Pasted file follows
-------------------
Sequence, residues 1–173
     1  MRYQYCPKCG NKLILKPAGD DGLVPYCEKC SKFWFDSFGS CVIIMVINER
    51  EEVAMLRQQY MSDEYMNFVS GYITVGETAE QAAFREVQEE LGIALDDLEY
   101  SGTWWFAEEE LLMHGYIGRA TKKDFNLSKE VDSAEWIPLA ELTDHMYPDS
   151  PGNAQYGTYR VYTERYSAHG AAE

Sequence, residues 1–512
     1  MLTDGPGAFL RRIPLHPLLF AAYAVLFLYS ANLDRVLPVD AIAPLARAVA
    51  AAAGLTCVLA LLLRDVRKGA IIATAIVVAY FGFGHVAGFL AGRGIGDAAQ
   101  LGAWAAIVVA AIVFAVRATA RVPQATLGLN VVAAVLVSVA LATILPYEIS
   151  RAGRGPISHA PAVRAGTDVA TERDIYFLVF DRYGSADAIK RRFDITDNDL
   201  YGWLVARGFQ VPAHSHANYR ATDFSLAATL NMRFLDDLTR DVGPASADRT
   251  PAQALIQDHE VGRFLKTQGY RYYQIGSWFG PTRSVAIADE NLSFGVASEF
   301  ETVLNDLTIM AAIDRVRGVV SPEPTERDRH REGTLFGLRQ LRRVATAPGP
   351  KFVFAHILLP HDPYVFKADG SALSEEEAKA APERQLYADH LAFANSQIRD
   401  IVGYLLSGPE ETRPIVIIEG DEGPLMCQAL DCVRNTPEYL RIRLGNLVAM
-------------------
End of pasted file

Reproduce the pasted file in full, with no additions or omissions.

Sequence, residues 1–173
     1  MRYQYCPKCG NKLILKPAGD DGLVPYCEKC SKFWFDSFGS CVIIMVINER
    51  EEVAMLRQQY MSDEYMNFVS GYITVGETAE QAAFREVQEE LGIALDDLEY
   101  SGTWWFAEEE LLMHGYIGRA TKKDFNLSKE VDSAEWIPLA ELTDHMYPDS
   151  PGNAQYGTYR VYTERYSAHG AAE

Sequence, residues 1–512
     1  MLTDGPGAFL RRIPLHPLLF AAYAVLFLYS ANLDRVLPVD AIAPLARAVA
    51  AAAGLTCVLA LLLRDVRKGA IIATAIVVAY FGFGHVAGFL AGRGIGDAAQ
   101  LGAWAAIVVA AIVFAVRATA RVPQATLGLN VVAAVLVSVA LATILPYEIS
   151  RAGRGPISHA PAVRAGTDVA TERDIYFLVF DRYGSADAIK RRFDITDNDL
   201  YGWLVARGFQ VPAHSHANYR ATDFSLAATL NMRFLDDLTR DVGPASADRT
   251  PAQALIQDHE VGRFLKTQGY RYYQIGSWFG PTRSVAIADE NLSFGVASEF
   301  ETVLNDLTIM AAIDRVRGVV SPEPTERDRH REGTLFGLRQ LRRVATAPGP
   351  KFVFAHILLP HDPYVFKADG SALSEEEAKA APERQLYADH LAFANSQIRD
   401  IVGYLLSGPE ETRPIVIIEG DEGPLMCQAL DCVRNTPEYL RIRLGNLVAM